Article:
Tumblr Icon RSS Icon

Corporate Responses To O’Reilly Campaign

By Faiz Shakir on March 25, 2009 at 3:18 pm

Below are the corporate responses from ThinkProgress’ Stop Supporting The O’Reilly Harassment Machine:

UPS Announces It Will Stop Advertising On The Factor

Susan Rosenberg, spokeswoman for UPS, previously issued this statement to ThinkProgress (3/30/09):

We are writing to clarify our statement of last Friday because it appears to have been misinterpreted. UPS has not “pulled” any advertising from Fox News nor has the company taken a position on the “Think Progress” campaign. Our intent on Friday simply was to note that UPS does not have any pending advertising plans with the O’Reilly show.

UPS Statement (3/27/09)

Thank you for sending an e-mail expressing concern about UPS advertising during the Bill O’Reilly show on FOX News. We do consider such comments as we review ad placement decisions which involve a variety of news, entertainment and sports programming. At this time, we have no plans to continue advertising during this show.

Susan Rosenberg, spokeswoman for UPS, previously issued this statement (3/26/09):

UPS values and takes seriously the comments from personal emailers and those posted on your site regarding advertising that appeared on Bill O’Reilly’s FOX News show. We are sensitive to the type of television programming where our messages and presence are associated and continually review choices to affect future decisions. Further investigation is underway related to this placement.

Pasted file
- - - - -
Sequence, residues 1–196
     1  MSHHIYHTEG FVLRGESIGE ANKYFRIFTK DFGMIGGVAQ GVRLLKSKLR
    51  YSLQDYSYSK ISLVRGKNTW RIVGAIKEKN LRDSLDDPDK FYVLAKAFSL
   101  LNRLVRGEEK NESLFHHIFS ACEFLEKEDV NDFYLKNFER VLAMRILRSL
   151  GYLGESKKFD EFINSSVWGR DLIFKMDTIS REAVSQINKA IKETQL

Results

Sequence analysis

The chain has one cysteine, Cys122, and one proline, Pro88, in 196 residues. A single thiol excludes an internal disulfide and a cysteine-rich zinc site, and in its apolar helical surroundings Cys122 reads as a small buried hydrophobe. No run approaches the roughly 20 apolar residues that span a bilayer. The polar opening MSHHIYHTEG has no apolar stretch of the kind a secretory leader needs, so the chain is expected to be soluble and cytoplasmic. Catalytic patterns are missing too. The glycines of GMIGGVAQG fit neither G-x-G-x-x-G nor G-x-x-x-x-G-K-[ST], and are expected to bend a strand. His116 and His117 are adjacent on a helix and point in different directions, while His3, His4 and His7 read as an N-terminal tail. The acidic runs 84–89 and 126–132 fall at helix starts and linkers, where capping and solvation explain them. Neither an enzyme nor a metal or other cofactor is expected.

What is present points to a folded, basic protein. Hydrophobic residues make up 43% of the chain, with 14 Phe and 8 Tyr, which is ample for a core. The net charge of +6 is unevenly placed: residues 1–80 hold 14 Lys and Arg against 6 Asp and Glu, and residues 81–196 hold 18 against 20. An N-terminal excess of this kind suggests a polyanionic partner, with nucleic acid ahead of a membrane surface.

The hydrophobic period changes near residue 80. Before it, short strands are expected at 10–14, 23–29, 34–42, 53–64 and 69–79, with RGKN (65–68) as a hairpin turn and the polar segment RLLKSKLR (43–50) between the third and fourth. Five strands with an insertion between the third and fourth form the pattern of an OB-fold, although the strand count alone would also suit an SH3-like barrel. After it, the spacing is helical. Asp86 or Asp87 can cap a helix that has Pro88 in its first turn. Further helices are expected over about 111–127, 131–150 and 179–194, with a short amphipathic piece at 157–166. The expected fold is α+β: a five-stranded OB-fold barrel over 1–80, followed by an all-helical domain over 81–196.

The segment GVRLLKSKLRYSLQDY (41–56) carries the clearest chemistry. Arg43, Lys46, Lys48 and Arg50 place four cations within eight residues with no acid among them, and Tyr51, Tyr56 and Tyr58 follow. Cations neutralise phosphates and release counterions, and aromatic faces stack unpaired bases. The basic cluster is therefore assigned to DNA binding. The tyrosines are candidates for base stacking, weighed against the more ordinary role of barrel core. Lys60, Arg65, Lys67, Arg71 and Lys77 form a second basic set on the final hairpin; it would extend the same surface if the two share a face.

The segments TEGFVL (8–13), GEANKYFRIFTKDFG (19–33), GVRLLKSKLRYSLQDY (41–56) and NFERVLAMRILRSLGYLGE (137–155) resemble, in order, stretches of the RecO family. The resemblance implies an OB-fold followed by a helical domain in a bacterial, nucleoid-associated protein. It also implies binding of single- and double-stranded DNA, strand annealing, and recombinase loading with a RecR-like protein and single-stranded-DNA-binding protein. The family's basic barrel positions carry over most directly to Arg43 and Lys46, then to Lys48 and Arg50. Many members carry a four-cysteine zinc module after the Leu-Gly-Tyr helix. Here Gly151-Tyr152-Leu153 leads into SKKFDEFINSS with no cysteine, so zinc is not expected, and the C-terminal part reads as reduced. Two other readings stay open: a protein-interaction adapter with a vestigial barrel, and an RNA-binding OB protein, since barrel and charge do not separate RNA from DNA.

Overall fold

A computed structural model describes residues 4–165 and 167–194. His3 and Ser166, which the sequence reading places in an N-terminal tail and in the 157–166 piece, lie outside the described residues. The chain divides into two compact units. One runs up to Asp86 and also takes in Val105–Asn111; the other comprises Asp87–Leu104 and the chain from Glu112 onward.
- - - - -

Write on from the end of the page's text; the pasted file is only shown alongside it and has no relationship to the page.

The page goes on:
Other Announcements From O’Reilly’s Advertisers

Johnson & Johnson

Statement, 4/1/09:

Thank you for contacting Johnson & Johnson. It is always important to hear from our customers and we appreciate the time you have taken to contact us.

Johnson & Johnson takes a firm stand regarding the quality of television programming in which its commercials appear and support the National Council for Families and Television.

With the help of our advertising agencies, a conscientious effort is made to screen all programs prior to broadcast. As a result of our screening, we have frequently withdrawn ads from television shows in the past and we will continue to monitor programming in the same manner in the future.

Your concern will be directed to network personnel. However, the most effective comment on programming is direct action by viewers. Therefore, we would urge you to communicate your feelings directly to the network.

Again, thank you for your interest in Johnson & Johnson.

Proctor & Gamble

Statement, 4/1/09: